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Metro doesn't start according to right-left ordering…

September 3, 2010 | 2:38 am

Hi,

I have a question regarding the right-left ordering of operations when turning on a metro object.

In the attached patcher, the output of a toggle is connected to a metro and a print. The metro is to the right of the print object and its output is connected to a second print object. When you turn on the toggle, the message from the left hand print object appears in the max window before that from the print object attached to the metro.

Given the right-left execution order, I would have thought that the message due to the first bang from the metro object would appear first. Why is this not the case?

Thanks,

Aengus.


September 3, 2010 | 3:01 am

Hi Aengus,

It is because the metro is banging at an interval of 250 ms. So the metro does indeed receive the bang before the [print control] object, but it does not send a bang to the [print metro] object until 250 ms has elapsed.

-Ben


September 3, 2010 | 3:10 am

Hi Ben,

No I don’t think that’s it. According to the docs, the metro object sends out its first bang as soon as you tell it to start (try it with a metro interval of 5000 ms or so- it’s really obvious that the first bang is emitted much sooner than 5 s).

Perhaps it’s that the metro starting procedure is deferred to a low priority thread…?

Aengus.


September 3, 2010 | 3:17 am

whoops, yes, you are totally correct. I had forgotten that metro always sends a bang out when turned on.

I recall that if there is no quantization, metro’s first bang is scheduled with a delay of 0 and outputs in the timer thread.

-b


September 3, 2010 | 3:49 am

way i understand it, the answer to your original question: it’s because it goes through first, and then into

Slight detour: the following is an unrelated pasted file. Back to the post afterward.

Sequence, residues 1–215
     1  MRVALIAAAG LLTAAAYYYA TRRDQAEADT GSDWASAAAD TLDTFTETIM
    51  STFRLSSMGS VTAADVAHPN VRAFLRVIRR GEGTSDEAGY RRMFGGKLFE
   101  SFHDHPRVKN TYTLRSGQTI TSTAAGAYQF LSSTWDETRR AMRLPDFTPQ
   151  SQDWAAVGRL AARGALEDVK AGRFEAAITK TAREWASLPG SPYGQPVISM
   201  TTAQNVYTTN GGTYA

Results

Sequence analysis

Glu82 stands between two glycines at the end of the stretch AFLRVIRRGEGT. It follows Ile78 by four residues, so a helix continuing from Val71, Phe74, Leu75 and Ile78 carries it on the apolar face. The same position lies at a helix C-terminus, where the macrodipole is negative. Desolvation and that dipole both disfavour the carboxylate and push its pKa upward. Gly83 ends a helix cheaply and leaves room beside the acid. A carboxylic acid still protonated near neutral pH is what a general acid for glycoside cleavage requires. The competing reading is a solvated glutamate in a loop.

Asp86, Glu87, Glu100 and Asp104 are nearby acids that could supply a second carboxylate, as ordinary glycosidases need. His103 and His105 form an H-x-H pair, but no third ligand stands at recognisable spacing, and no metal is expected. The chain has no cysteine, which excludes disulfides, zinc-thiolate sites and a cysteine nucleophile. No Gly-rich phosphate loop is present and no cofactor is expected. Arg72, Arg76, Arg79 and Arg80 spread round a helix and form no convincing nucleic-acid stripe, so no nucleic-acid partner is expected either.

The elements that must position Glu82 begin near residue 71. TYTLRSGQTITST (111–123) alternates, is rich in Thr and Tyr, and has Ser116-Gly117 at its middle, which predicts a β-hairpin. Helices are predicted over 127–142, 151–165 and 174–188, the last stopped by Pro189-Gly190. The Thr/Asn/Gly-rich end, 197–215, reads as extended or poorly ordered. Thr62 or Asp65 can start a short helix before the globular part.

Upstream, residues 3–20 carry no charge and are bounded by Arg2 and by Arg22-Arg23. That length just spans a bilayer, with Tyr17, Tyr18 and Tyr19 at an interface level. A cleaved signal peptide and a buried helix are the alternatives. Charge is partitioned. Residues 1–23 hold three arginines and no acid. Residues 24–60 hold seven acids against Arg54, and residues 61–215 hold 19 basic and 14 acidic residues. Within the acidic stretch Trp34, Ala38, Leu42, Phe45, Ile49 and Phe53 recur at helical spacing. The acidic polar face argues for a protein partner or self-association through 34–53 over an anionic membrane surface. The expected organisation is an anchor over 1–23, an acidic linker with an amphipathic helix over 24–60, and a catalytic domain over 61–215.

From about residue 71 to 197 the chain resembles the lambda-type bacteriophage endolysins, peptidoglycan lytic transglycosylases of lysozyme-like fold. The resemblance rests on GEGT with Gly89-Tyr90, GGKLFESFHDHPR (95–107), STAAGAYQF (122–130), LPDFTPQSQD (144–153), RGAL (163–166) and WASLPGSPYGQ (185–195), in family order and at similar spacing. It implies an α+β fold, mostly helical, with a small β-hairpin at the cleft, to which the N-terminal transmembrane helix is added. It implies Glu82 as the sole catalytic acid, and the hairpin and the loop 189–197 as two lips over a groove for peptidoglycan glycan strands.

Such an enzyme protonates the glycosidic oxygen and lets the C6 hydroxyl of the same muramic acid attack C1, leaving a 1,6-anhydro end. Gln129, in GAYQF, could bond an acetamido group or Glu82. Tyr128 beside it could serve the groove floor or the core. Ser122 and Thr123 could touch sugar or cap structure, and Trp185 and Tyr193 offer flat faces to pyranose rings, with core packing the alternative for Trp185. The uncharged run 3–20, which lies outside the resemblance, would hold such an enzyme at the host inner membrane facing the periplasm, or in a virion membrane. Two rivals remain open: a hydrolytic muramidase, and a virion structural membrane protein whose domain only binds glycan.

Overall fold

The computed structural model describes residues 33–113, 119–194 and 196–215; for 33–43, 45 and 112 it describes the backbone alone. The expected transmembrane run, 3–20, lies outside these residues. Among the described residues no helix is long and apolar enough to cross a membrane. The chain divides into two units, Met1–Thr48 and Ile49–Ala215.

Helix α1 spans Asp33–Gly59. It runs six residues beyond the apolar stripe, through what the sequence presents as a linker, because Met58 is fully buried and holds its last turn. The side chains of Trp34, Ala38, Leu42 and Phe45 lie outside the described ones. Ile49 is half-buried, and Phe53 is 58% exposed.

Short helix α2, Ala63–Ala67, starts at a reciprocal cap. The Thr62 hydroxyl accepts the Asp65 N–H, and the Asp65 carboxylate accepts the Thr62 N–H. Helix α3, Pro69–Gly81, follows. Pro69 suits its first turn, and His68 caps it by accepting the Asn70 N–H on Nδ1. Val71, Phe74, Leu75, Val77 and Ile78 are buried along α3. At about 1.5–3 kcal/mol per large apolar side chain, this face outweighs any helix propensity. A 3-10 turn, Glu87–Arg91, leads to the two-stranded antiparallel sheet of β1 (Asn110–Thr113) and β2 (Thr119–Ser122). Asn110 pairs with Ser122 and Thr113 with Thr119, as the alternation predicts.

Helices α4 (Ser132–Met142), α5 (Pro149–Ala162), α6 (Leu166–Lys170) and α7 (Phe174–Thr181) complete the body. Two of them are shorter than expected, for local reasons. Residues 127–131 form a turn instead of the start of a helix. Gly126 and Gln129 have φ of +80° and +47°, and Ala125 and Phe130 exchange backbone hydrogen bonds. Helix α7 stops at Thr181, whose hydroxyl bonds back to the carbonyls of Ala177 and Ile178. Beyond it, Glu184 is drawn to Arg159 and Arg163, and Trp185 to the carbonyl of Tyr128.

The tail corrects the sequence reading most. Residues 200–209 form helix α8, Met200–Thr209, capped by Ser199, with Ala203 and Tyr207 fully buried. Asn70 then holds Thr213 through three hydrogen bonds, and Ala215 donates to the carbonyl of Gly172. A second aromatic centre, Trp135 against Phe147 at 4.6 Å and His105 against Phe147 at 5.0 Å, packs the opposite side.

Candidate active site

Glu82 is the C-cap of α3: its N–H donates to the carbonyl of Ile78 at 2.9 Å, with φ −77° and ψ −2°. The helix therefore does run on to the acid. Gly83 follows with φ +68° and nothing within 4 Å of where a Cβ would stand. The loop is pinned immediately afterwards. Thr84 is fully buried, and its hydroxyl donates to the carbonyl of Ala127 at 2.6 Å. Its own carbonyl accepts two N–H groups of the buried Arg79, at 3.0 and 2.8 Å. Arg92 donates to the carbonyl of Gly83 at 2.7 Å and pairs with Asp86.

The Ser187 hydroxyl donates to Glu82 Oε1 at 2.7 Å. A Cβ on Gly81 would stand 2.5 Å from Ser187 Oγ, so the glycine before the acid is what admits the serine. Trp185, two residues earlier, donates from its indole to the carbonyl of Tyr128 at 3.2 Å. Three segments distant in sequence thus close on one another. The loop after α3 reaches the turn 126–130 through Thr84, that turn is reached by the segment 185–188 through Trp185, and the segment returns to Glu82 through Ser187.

so the order of messaging from would be: to then to

and separately from into

(as soon as is messaged to act) because execution order is always right-to-left/top-to-bottom.

_____________________________________
Never fear, Noob4Life was never here!


September 3, 2010 | 4:26 am

Hmmm… but is the execution order not that it goes to the (top) rightmost object connected first and then through to the end of that execution chain (i.e. through to

) before going to the next object to the left?

Also, it makes no difference if you drag the

down so it is below .


September 3, 2010 | 5:26 am

"but is the execution order not that it goes to the (top) rightmost object connected first and then through to the end of that execution chain (i.e. through to ) before going to the next object to the left?"

no, the message comes from toggle, and only goes to and , it doesn’t go straight to . so you’re first comparing the execution order between and , then after that, it’s all dependent on the objects below/next in the chain.

"Also, it makes no difference if you drag the down so it is below . "